Copyright© 2010 by Michael Wolfam
In the bunkhouse operation center, Max examined the assembled men. Despite having been woken up less than ten minutes earlier, in response to the alarm sounded by the nighttime phone operator, they were alert and ready.
He reveled in the pre-operation adrenaline surge. Max never slept deeply. He was out of bed and ready to go in less than two minutes. Six years running black ops in the jungles of Latin America taught him to wake and respond at the slightest hint of trouble.
His men were trained to sleep lightly. Max ran drills at all hours of the night to keep their instincts honed and sharp. Tonight they wore black urban assault gear and watched him with anticipation.
Their faces were painted black to complete the pack's nighttime stealth abilities. Most carried a Heckler and Koch MP-5 submachine gun with EO Tech sights and a suppressor fitted to the barrel. The deadly submachine gun was the top choice of assault teams worldwide because of its flexibility, accuracy, and lightweight nature. The wolf pack was ready to hunt; they wanted blood.
Two of the men carried high powered, Barrett fifty caliber rifles. The anti-material weapon could accurately hurl a massive slug at targets up to a mile away. They were devastatingly effective on vehicles and people.
If things got really ugly, Max would make use of one of the group's rocket propelled grenade (RPG) launchers. Unlike the Desert Eagle, the RPG was not one of Max's over the top accessories. Neither Max the Enforcer nor the man playing the part liked having the Russian-made RPG around. It posed many risks if a legitimate authority figure ever stumbled across it. The fully automatic weapons the men carried were legally owned by the mining security company, but the RPG was another matter. However, a drug deal gone horribly wrong had convinced him of its necessity.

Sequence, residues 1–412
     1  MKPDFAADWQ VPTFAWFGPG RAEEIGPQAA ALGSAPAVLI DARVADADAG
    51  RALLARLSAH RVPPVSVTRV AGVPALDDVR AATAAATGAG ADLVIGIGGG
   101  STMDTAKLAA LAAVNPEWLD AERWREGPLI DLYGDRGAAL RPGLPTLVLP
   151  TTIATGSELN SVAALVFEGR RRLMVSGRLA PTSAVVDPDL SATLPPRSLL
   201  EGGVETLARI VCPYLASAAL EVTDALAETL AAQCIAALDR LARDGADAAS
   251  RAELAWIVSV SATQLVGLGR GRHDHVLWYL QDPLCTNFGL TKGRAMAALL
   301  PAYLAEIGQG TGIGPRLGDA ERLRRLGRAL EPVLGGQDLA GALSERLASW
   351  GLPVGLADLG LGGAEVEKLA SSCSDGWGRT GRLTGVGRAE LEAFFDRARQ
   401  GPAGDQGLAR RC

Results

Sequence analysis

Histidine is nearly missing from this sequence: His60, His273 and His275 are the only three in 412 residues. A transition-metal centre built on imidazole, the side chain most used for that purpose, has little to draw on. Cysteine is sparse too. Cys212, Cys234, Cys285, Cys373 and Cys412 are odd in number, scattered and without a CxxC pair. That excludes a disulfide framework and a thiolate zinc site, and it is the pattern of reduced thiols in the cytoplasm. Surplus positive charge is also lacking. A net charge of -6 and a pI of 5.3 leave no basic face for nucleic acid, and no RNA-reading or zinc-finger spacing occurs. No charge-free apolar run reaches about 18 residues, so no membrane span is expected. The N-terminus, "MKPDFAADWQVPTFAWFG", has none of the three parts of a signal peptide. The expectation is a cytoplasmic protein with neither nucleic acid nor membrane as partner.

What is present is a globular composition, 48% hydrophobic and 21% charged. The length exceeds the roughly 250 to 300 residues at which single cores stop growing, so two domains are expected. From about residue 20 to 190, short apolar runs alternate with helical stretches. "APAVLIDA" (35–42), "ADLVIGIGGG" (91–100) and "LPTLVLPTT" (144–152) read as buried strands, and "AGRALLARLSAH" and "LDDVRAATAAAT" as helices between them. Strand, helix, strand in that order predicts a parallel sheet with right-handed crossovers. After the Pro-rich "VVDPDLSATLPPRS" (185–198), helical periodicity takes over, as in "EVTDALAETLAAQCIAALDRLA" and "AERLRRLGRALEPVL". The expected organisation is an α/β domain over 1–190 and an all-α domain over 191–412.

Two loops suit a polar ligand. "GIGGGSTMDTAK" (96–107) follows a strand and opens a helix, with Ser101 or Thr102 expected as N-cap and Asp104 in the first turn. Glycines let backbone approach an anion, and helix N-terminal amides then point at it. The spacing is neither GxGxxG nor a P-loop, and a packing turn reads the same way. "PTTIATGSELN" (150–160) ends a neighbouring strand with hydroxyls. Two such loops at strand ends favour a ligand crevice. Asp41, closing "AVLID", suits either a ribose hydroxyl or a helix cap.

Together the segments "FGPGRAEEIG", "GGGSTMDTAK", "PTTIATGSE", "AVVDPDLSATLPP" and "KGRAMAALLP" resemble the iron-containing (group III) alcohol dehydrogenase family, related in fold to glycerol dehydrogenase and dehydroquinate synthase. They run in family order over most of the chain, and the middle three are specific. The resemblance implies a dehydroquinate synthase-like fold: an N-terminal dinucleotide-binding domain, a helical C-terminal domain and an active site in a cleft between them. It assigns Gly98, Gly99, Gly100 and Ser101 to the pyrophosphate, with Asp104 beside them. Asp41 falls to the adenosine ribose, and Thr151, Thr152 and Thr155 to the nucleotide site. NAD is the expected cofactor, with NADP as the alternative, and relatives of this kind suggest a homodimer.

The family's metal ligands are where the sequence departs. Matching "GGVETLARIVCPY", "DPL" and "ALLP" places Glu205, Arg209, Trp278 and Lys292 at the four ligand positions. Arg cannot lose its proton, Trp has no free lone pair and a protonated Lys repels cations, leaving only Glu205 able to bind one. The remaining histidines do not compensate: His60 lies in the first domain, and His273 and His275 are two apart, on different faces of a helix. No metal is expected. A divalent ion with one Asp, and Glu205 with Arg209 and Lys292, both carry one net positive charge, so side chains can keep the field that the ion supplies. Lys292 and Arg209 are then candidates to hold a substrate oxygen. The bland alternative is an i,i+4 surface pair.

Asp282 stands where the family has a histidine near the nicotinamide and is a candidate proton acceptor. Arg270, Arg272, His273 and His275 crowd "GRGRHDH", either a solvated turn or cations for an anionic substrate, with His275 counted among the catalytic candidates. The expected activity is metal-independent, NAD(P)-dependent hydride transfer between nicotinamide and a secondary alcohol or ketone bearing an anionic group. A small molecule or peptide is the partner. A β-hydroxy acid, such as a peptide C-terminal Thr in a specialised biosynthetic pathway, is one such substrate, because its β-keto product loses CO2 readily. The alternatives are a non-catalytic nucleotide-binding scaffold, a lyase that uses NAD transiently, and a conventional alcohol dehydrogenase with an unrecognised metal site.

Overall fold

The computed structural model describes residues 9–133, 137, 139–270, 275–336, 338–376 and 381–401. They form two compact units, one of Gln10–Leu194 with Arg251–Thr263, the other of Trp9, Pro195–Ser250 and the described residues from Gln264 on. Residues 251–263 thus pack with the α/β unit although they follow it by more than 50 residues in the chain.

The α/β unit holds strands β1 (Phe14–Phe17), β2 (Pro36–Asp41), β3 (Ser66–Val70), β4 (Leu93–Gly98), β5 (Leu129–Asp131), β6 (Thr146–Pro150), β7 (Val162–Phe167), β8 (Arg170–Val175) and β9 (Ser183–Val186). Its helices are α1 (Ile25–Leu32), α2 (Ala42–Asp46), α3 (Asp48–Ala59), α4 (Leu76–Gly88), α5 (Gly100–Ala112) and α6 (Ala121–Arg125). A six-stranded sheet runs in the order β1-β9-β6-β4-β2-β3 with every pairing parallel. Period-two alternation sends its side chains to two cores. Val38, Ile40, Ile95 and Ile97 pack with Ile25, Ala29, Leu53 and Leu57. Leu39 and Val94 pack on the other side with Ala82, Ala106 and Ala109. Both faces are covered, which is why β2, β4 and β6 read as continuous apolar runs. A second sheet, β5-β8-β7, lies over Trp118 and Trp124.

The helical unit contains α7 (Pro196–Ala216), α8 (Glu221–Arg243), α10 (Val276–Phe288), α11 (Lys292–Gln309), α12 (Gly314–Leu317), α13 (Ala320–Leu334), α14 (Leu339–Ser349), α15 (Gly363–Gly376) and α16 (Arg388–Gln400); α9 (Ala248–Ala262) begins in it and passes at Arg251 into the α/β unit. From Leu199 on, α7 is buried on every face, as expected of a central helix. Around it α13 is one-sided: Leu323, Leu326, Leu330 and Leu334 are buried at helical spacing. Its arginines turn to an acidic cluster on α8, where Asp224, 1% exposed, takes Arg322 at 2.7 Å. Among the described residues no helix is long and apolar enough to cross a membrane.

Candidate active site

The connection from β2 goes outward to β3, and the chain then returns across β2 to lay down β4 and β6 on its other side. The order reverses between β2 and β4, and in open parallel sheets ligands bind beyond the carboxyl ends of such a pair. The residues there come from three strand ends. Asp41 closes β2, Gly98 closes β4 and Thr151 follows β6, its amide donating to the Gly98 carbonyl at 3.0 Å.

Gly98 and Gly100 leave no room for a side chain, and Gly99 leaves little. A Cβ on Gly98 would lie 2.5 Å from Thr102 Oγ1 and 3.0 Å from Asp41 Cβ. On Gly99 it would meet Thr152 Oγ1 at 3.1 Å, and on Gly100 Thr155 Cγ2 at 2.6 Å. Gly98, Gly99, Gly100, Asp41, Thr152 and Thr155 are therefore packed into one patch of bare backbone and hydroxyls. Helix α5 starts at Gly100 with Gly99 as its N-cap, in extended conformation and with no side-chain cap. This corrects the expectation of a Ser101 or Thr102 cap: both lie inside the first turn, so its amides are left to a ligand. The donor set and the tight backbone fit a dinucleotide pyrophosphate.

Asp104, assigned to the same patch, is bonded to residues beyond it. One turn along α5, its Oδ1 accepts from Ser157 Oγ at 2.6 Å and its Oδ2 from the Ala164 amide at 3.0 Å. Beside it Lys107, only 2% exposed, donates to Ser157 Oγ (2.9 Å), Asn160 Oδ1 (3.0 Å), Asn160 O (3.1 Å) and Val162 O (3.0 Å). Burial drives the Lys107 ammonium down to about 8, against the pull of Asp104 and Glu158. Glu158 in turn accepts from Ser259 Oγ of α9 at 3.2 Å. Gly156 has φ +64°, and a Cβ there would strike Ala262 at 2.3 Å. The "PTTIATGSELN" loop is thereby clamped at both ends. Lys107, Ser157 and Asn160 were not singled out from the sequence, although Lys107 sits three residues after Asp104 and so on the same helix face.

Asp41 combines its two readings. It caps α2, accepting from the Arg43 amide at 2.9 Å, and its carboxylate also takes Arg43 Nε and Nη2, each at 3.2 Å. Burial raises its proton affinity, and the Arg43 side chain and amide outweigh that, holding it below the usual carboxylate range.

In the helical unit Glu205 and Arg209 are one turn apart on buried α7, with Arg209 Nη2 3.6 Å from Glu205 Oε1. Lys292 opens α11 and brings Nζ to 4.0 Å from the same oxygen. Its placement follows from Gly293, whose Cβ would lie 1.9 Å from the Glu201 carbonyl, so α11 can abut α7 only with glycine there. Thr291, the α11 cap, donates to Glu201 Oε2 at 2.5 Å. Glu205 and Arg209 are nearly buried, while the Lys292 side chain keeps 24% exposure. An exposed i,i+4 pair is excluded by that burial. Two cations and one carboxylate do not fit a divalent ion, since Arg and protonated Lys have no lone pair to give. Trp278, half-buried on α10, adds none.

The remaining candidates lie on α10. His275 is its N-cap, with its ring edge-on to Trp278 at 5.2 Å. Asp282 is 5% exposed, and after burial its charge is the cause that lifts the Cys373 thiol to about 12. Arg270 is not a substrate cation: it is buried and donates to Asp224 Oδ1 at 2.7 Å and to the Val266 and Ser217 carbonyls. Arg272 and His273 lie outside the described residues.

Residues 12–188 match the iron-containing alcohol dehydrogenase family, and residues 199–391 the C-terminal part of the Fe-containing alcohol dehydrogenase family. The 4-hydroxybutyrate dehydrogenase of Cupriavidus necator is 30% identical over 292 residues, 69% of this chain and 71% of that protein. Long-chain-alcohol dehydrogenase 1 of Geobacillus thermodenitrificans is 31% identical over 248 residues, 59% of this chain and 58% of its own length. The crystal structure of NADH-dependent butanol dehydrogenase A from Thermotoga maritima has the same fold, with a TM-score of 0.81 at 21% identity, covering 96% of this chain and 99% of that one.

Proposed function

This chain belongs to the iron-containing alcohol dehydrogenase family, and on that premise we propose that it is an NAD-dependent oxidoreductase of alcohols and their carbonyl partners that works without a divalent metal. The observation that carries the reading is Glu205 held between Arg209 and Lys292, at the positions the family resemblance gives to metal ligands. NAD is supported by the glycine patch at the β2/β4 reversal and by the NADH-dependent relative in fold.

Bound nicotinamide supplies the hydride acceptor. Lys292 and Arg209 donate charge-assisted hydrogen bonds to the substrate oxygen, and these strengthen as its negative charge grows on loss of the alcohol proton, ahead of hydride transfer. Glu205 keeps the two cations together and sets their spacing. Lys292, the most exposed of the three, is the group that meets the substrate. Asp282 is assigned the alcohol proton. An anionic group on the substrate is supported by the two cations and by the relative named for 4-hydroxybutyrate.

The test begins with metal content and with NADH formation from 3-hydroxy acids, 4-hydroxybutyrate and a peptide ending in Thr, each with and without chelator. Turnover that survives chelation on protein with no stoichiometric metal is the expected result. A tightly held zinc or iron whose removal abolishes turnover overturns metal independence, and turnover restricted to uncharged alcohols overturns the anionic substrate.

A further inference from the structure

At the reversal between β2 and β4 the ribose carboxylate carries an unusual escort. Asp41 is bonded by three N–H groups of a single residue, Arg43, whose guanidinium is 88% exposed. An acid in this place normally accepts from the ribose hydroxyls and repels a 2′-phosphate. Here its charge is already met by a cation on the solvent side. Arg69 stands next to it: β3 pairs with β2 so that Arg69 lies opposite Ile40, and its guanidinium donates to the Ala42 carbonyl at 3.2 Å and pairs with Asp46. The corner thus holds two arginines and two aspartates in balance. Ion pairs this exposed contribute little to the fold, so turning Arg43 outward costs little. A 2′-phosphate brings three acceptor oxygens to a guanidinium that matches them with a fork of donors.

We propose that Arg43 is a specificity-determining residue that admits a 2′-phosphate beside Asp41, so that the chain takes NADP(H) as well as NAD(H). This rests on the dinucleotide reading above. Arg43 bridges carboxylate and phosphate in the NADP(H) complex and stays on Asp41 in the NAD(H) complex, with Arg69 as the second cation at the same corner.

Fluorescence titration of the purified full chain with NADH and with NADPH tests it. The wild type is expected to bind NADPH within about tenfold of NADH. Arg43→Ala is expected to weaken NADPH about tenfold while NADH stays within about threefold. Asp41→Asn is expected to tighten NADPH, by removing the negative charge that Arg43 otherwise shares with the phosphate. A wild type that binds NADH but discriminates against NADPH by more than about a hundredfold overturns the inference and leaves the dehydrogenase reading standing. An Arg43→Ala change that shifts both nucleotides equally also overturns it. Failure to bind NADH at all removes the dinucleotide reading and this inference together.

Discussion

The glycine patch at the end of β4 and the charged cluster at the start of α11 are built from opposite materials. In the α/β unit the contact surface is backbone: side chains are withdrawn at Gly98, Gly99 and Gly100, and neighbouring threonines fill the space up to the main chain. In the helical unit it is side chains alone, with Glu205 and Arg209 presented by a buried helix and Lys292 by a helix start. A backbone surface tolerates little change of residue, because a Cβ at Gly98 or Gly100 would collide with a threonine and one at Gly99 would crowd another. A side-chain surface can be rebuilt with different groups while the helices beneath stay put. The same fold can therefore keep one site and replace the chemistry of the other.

For Max, mining was a side business; Conroe's personal obsession and a front that helped cover the organization's true purpose. The real money came from brokering drug and arms deals. After 9-11, heavier banking and import regulations made it difficult to move large amounts of money, weapons, and drugs into the United States. However, there was no less demand, so a golden business opportunity was born.
For a hefty fee, Max and his men arranged every detail. Drugs and weapons were tested in a state of the art laboratory, and Max's group personally guaranteed the quality, ensuring buyer confidence. The group worked on commission, 15% of the total contract value. Deals were negotiated between multiple buyers to ensure the highest return. Minimum bidding started at one million, but lately, fifteen to twenty million was the norm.
But the real secret to their success was that they had found a loophole in the United States security system. Conroe had discovered a foolproof way to move large amounts of sellers, products and buyers in and out of Eagles Landing without raising any suspicion.